Forsyth, Scott, Canadian Dimension
What does capitalism look like? Marxists produce volumes of analysis attacking the immense complexity and constant changes in the dominant social order. But bourgeois culture needs to reproduce that order constantly, and capitalism can be condensed and aestheticized into pictures and stories.
Hollywood, recently, has gone to the 'heart' of capitalism--the stock market, insider trading, Wall Street -- and revealed a world erotic and decadent, fantastic and accessible, apocalyptic but fun. Wall Street, Working Girl, Pretty Woman all hits of the 80s, and less successfully Trading Places, Brewster's Millions, Dealers, Bonfire of the Vanities, picture this pulsating, deal-making, whirling business culture. So 'picturable' because it is also capitalism at its most imaginary and abstract, far from the real locus of production and exploitation. The films present the 'popular capitalism' that Thatcherites, business mags and MBA schools have gantasized -- we'll all be entrepreneurs, we'll all imagine ourselves the ruling class. Though these films represent bourgeois milieux, the narrative anxiety is essentially that of aspiring yuppies -- class in every film is scarily or wondrously reversible in an accelerating dichotomy of rich and poor. Class privilege, eminently desirable, is also fragile, easily revoked. But this class consciousness rarely points beyond individuals to any collective action.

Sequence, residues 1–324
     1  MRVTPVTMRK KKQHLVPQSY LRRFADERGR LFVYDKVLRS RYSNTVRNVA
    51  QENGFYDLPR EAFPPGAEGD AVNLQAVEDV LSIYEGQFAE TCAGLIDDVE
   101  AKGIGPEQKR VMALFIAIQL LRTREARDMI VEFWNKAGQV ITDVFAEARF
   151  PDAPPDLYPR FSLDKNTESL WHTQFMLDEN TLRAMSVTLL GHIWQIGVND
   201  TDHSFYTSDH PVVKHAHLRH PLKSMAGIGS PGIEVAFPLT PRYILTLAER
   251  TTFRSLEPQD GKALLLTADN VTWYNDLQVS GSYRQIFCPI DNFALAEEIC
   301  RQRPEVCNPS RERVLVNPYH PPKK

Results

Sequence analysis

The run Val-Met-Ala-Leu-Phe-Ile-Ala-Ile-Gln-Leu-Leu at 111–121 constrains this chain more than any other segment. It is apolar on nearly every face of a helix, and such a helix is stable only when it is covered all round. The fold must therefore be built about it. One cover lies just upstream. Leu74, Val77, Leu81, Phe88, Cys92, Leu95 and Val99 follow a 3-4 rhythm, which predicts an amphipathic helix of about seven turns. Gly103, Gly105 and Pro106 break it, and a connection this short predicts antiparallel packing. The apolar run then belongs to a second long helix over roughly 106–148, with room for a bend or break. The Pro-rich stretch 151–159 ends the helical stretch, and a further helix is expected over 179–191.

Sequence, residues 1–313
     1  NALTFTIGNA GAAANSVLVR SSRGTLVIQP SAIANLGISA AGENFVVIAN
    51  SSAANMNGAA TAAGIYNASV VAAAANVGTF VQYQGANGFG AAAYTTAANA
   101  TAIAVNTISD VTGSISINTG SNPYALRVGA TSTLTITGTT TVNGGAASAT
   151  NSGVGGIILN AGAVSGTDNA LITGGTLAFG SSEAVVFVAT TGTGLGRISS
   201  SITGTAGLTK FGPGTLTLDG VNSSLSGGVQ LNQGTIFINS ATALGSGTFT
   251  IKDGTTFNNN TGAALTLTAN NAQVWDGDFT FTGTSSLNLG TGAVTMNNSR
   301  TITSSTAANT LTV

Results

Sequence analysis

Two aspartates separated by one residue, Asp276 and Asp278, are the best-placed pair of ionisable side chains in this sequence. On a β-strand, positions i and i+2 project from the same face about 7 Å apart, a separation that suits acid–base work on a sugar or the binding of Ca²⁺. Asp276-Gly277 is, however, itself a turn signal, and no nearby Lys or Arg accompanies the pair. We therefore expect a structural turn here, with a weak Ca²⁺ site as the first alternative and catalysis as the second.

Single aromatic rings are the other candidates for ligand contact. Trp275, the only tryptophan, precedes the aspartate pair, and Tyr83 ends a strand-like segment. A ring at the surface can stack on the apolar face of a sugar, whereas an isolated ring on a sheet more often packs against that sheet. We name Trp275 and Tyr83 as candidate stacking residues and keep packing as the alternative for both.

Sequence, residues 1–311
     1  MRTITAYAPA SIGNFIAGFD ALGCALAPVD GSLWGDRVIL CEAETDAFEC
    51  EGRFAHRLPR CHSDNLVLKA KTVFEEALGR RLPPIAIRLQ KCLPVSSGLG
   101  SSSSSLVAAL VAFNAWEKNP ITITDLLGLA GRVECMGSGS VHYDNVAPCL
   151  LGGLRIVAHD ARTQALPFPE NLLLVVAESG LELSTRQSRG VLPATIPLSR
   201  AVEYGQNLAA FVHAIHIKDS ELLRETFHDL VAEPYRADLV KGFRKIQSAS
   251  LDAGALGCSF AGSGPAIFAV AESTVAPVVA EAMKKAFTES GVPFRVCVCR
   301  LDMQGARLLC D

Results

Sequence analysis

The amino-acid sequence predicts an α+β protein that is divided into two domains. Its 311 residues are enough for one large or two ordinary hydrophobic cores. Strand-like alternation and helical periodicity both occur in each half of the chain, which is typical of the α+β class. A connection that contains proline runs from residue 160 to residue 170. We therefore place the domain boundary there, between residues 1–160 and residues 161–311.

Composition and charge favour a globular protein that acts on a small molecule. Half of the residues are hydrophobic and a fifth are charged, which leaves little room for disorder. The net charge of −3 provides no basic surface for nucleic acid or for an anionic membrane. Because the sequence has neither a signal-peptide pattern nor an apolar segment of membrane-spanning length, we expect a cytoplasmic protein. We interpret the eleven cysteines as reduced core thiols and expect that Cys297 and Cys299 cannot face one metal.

Several films explicitly show that these capitalists and brokers don't do anything! It's all smoke and mirrors, though easily recuperable by a few good 'productive' capitalists of the old school, liberal ameliorations for token blacks or women or, in Pretty Woman, shopping and a good fuck (though the shopping, where image, music and commodity fetishism mesh, is much more erotic than the sex). Characteristically, sexual politics offers a way out of class contradictions and malaise. The reactionary feminist Working Girl has it all ways; the heroine reaches her utopian goal with explicit Reaganite, anti-union politics and flees slovenly working class masculinity for sexual bliss with a deal maker.
It's easy to see this materially grounded in the 'restructuring' capitalism of the 80s: the house-of-cards dominance of finance capital, the takeover games and hollowing out of the industrial economy, the sudden parasitical affluence and gluttony of new pretty-bourgeois strata, and their inclusion of the right sort of women or minorities, the engineered extremes of wealth and impoverishment. But it's also ideologically grounded in the agressive proclamation of the 'magic of the market' and the virtues of wealth which ruling class parties make increasingly explicit.
In fact, the tensions and contradictions are great, that all these stories are fables and fairy tales. …